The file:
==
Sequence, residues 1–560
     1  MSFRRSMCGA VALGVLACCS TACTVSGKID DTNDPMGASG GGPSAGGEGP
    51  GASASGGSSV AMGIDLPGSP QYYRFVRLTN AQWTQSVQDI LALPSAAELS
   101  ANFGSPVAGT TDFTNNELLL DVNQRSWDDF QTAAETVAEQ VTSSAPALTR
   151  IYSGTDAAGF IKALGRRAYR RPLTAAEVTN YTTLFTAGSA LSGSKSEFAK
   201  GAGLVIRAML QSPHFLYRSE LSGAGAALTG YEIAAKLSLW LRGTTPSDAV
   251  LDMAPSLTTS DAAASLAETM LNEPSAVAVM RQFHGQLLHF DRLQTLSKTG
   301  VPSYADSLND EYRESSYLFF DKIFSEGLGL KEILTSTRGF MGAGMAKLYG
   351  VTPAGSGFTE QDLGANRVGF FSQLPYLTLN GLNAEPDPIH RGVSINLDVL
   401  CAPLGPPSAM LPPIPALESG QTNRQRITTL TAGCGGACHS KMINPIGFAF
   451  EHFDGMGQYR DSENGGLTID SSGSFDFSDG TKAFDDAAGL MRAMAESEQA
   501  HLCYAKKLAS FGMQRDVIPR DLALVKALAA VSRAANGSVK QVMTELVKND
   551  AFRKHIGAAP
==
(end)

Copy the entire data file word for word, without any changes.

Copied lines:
Sequence, residues 1–560
     1  MSFRRSMCGA VALGVLACCS TACTVSGKID DTNDPMGASG GGPSAGGEGP
    51  GASASGGSSV AMGIDLPGSP QYYRFVRLTN AQWTQSVQDI LALPSAAELS
   101  ANFGSPVAGT TDFTNNELLL DVNQRSWDDF QTAAETVAEQ VTSSAPALTR
   151  IYSGTDAAGF IKALGRRAYR RPLTAAEVTN YTTLFTAGSA LSGSKSEFAK
   201  GAGLVIRAML QSPHFLYRSE LSGAGAALTG YEIAAKLSLW LRGTTPSDAV
   251  LDMAPSLTTS DAAASLAETM LNEPSAVAVM RQFHGQLLHF DRLQTLSKTG
   301  VPSYADSLND EYRESSYLFF DKIFSEGLGL KEILTSTRGF MGAGMAKLYG
   351  VTPAGSGFTE QDLGANRVGF FSQLPYLTLN GLNAEPDPIH RGVSINLDVL
   401  CAPLGPPSAM LPPIPALESG QTNRQRITTL TAGCGGACHS KMINPIGFAF
   451  EHFDGMGQYR DSENGGLTID SSGSFDFSDG TKAFDDAAGL MRAMAESEQA
   501  HLCYAKKLAS FGMQRDVIPR DLALVKALAA VSRAANGSVK QVMTELVKND
   551  AFRKHIGAAP